At some point demonstrators tried to remove the barbed wire, but were shoved back by soldiers. In response demonstrators sat on the ground, beat drums and sang songs. After about an hour of protest demonstrators returned to the village, promising to return in greater numbers next week, for the Palestinian Day of the Prisoner.





An Nabi Saleh

International Indymedia


According to one of Nabi Saleh’s demonstration organizers at 12pm on Thursday April 8th IDF soldiers raided the houses of six persons from Beit Reema because they participated in Nabi Saleh demonstrations they led them to the prison and they didn't release them yet.



An Nabi Saleh



Around 80 Nabi Saleh residents, other Palestinians and international and Israeli supporters participated in this week's demonstration against the crippling occupation and the Halamish settlement's annexation and destruction of a growing amount of land and resources from the village.


This Friday saw yet another escalation in the Israeli army's collective punishment criminal strategy against the entire village. The demo began, as always, with an unprovoked Israeli invasion and attack on a peaceful march, while protesters were even starting to sit down on the ground, to signify their will to protest non-violently. This time the Israeli army has also chosen to use its "skunk" stink-liquid cannon directly and deliberately on the village's houses, yards and main street. The track spraying the liquid even went back for a refill and then continued with its awful abuse. As one of the inhabitants of the houses targeted said: "It is not resistance, it's our living they were targeting". The stink-liquid is expected to stay and spread stink in the area sprayed for days afterwards.


The Israeli army also used a few times its jeep-installed cannon to shot barrages of tear gas canisters, as well as single high-velocity and regular canisters, on the entire village, and kept pushing the protesters back into the village's built area.


At a certain point a few protesters climbed the hill overlooking one of the village's springs, attended by provocative settlers, and as a result the Israeli army sent some of its forces to expel the settlers from the area.


For a few hours protesters refused to disperse and re-gathered again and again in protest, some of them throwing stones to ward off the army incursion, others just standing peacefully against the armed-to-the-top soldiers, documenting, or taking care of the injured from the army's aggression.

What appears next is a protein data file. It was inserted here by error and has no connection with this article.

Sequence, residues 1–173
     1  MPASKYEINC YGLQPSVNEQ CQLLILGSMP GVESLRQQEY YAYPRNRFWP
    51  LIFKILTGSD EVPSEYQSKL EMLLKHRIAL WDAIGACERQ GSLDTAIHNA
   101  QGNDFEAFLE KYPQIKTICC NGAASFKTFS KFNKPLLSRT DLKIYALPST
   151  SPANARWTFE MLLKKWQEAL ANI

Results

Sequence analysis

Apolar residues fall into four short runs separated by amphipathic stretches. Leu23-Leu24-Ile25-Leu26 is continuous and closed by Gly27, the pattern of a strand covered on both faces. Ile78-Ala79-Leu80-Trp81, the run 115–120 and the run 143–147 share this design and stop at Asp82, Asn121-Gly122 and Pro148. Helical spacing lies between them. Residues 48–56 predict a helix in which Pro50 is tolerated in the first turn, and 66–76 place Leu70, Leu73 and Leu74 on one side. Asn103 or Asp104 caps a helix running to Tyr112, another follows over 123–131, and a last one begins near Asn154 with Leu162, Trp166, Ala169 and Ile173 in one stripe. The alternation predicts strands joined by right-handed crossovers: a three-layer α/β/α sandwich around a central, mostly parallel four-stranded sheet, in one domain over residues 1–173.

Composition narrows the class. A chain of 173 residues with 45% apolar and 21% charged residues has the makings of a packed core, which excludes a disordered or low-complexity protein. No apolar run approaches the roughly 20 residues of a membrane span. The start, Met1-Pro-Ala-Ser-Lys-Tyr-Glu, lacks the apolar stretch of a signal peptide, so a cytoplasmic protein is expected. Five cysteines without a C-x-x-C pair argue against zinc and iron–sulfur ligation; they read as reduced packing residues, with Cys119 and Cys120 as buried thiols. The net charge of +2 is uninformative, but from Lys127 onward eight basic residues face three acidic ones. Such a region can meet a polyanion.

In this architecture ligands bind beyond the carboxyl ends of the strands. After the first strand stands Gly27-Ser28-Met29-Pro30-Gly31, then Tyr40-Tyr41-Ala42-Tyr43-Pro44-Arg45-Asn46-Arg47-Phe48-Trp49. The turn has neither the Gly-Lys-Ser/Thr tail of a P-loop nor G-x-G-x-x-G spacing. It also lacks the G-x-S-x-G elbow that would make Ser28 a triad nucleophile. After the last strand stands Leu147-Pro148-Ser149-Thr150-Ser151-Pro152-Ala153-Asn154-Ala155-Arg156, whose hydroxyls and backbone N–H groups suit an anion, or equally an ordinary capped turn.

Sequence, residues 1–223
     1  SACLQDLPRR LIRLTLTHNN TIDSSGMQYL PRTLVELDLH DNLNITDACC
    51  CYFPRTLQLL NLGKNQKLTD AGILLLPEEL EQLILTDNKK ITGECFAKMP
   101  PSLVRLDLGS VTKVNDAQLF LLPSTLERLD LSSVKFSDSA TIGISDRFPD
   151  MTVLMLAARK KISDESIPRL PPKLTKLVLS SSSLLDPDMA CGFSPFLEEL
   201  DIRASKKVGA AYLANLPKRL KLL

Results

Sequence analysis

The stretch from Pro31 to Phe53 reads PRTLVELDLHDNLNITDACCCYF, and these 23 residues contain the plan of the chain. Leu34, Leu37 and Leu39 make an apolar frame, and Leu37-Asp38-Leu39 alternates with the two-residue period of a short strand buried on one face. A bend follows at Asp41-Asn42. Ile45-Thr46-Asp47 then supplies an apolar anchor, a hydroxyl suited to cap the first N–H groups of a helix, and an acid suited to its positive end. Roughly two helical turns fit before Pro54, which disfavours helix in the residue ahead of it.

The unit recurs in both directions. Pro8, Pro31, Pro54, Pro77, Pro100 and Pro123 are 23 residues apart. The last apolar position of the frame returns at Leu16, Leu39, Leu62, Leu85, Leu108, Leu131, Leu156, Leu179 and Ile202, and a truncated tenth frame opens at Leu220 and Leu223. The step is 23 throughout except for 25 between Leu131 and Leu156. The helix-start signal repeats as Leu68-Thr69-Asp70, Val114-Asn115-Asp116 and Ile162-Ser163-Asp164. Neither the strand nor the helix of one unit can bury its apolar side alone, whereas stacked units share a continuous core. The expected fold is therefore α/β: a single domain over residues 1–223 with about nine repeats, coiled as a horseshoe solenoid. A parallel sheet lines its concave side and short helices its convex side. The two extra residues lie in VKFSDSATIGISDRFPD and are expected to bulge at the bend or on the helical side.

Sheikh Jarrah

International Indymedia


On Friday a group of 30 people including respected authors, dignitaries and ex-Israeli MPs came to show solidarity with Palestinian families inside the community in Sheik Jarra. They entered the neighborhood before the weekly demonstration to avoid being stopped at the police checkpoint that is erected just for Friday demonstrations. They held a demonstration inside the neighborhood and as they came towards the police barricade they were told to disperse. At this point four of their organizers where arrested. Demonstrators from outside the neighborhood attempted to join the demonstration inside the neighborhood by going in pairs up to the barricade in order to enter. They were denied entry. The arrested demonstrators were released after a few hours.


See for this week’s reports from events in the Sheikh Jarrah.




Beit Ummar (Khirbat Saffa)


11 Arrested, Including 2 Palestinians from PSP, in Saffa Protest


This afternoon a group of around 50 farmers and residents of Saffa attempted to remove a stone and concrete structure erected on their land by settlers from Bat Ayn. The farmers were accompanied by members of PSP, the National Committee of Beit Ommar, Israeli activists and members of the international press.


On arrival at the structure, which was being guarded by 3 jeeps of soldiers of Israeli army, the Palestinians began to take the structure down. The soldiers forced the farmers away from the site into nearby trees where a number of the group sat down and refused to move from their land. A group of 6 soldiers arrested Mousa Abu Maria, coordinator and co-founder of PSP and member of the National Committee of Beit Ommar, and dragged him 40 metres to a jeep and threw him inside. Younes Arrar, another member of the National Committee of Beit Ommar, was the next Palestinian to be arrested by the Israeli soldiers. Further arrests were made of Israeli activists and local farmers. Mohammed Awwad, the spokesperson for Palestine Solidarity Project who was filming the aggressive behaviour of the soldiers, was dragged to the ground by the neck where he lay motionless and was dragged to another jeep. In total 5 Palestinians and 6 Israelis were arrested during the non-violent action – the only violence was shown by the Israeli forces who used disproportionate force against the farmers.